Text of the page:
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Ouattara Says Nationalizing Ivory Coast’s Cocoa Sector is ‘Stealing’


Ivory Coast's internationally recognized president Alassane Ouattara (R) chats with Koen Vervaeke, EU's Ambassador to the African Union during his meeting with around 30 diplomats on March 11, 2011 in Addis Ababa

Ivory Coast's internationally recognized president Alassane Ouattara (R) chats with Koen Vervaeke, EU's Ambassador to the African Union during his meeting with around 30 diplomats on March 11, 2011 in Addis Ababa

Ivory Coast’s internationally recognized president-elect has described the nationalization of the country’s cocoa industry as ‘stealing’ and promised to reverse a period of economic decline.

A day after receiving a vote of confidence from the African Union, Alasanne Ouattara met with AU accredited diplomats to brief them on his plans as Ivory Coast’s next president. There was no immediate word on when he might be sworn in, though the AU Peace and Security Council ordered the head of Ivory Coast’s Constitutional Court to conduct the ceremony promptly.

Speaking to reporters Friday, the United Nations certified winner of last November's presidential elections said he would immediately undo incumbent President Laurent Gbagbo’s move to nationalize the cocoa sector. He said the takeover of an industry that produces more than 1/3 of the country’s revenue amounts to theft.

"It’s not nationalization. It’s stealing. Because clearly as they did with the banks, now they are trying to rob people, businesses, both Ivorians and foreigners. Obviously they’re not looking for the welfare of the people of Cote d’Ivoire but that will change in a few days," he said.

Ouattara’s comments echoed reaction of the United States and other countries that have condemned Gbagbo’s nationalization move. Experts, however, say the government takeover is unlikely to have much effect, since a ban was imposed on Ivory Coast’s cocoa imports after Gbagbo refused to recognize the results of the presidential runoff vote.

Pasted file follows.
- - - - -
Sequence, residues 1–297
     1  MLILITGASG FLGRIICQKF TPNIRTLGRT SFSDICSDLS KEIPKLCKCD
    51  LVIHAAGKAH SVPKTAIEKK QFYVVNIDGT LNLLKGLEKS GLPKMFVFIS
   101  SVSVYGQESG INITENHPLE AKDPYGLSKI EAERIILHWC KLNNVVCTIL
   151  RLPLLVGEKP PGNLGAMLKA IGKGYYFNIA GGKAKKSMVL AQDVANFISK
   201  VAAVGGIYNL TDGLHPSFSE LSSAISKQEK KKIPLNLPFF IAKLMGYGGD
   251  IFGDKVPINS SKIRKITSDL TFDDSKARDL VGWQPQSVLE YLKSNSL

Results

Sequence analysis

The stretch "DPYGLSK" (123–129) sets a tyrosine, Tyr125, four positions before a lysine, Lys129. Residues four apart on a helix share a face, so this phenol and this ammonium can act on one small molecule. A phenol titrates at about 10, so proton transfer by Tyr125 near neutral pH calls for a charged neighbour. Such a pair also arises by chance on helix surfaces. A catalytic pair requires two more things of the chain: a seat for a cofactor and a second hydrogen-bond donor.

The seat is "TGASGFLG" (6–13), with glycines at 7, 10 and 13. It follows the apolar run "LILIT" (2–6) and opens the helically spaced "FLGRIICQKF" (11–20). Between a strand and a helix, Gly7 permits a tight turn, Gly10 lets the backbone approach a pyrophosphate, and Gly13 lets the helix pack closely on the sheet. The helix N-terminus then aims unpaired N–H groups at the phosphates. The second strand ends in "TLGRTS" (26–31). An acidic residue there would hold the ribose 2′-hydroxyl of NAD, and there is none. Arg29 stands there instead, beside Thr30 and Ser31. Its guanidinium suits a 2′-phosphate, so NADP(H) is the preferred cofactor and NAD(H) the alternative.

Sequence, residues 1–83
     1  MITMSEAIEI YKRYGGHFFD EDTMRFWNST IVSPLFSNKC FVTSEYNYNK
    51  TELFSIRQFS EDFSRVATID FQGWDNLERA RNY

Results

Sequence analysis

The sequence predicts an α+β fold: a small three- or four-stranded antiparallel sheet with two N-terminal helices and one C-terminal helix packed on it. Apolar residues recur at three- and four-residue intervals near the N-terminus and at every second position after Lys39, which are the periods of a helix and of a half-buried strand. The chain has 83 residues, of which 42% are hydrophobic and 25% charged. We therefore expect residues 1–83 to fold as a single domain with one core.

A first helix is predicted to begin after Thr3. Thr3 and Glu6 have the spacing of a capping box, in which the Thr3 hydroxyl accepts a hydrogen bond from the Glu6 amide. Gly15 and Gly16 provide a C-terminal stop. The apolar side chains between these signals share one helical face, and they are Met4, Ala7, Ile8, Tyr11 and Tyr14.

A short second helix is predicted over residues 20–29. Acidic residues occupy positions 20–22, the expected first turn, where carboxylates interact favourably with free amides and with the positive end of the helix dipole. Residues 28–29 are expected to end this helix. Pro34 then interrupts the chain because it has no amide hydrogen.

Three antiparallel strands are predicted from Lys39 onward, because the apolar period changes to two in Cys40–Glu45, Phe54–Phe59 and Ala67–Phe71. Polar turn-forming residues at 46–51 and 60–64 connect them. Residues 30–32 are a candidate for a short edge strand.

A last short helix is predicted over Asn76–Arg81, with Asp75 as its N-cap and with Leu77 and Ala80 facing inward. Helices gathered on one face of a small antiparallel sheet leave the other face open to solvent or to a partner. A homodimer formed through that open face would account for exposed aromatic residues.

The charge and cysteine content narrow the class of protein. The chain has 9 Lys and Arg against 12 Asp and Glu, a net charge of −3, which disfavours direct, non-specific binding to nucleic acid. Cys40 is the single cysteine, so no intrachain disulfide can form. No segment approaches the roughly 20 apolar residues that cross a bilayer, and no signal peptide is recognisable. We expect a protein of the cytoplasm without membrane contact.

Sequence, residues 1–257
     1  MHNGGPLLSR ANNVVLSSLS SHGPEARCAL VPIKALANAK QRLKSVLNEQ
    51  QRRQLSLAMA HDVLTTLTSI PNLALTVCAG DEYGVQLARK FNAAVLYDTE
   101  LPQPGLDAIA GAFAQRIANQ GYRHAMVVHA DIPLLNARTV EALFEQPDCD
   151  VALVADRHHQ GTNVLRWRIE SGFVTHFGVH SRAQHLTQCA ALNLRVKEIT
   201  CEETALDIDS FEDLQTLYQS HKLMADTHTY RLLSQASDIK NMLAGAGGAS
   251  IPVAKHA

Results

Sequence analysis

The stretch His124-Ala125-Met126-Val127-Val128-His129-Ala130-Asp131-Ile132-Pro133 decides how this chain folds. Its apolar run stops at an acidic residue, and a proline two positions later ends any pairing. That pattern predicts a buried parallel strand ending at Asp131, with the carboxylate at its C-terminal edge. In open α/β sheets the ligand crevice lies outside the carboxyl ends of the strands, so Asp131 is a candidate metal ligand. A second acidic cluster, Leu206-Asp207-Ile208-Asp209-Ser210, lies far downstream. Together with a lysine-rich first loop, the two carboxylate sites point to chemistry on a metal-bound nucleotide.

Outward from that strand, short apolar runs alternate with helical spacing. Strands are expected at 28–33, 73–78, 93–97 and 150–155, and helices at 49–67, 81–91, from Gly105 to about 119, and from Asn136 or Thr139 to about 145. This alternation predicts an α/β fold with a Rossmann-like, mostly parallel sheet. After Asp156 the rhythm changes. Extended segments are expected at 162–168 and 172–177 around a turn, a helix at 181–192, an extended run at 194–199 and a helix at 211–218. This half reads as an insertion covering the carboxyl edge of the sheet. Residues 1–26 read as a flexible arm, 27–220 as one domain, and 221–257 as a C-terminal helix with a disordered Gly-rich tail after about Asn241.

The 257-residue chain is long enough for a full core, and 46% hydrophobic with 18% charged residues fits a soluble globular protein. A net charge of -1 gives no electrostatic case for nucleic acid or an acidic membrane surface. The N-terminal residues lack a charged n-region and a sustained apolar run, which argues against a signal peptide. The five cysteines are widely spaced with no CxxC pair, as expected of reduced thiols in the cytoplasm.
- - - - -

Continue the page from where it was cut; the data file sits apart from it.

Ivory Coast, the world’s biggest cocoa producer, was once one of Africa’s economic giants. But the cocoa export ban is contributing to an overall economic decline during the Gbagbo years.

Reuters news agency this week quoted a high-ranking French diplomat as saying the loss of cocoa revenue and other international sanctions were contributing to a weakening of Gbagbo’s grip on power.

Ouattara, a U.S. trained economist and former deputy director of the International Monetary Fund, says his most difficult challenge as president will be healing the wounds that threaten to push Ivory Coast back to civil war. But he expressed confidence his economic experience would help restore the country to fiscal health.

"For the economy, my compatriots trust me. They know what I’ve done in the past. They know what I’ve done elsewhere in Africa and the world, when I was deputy managing director of the IMF (International Monetary Fund), and I have great plans for Cote d’Ivoire and I am confident that in a few years, the economy will be running at a very high level," he said.

But before he can tackle Ivory Coast’s economic and political crises, one of Ouattara’s first challenges will be getting home. After he flew to Addis Ababa this week, Gbagbo’s government announced a ban on flights from United Nations and French planes in an apparent attempt to block his return.

Ouattara’s camp, however, noted that the U.N. recognized president elect would be stopping in Nigeria on his trip westward for talks with President Goodluck Jonathan. They suggested he might return to Abidjan by another means. They did not elaborate.



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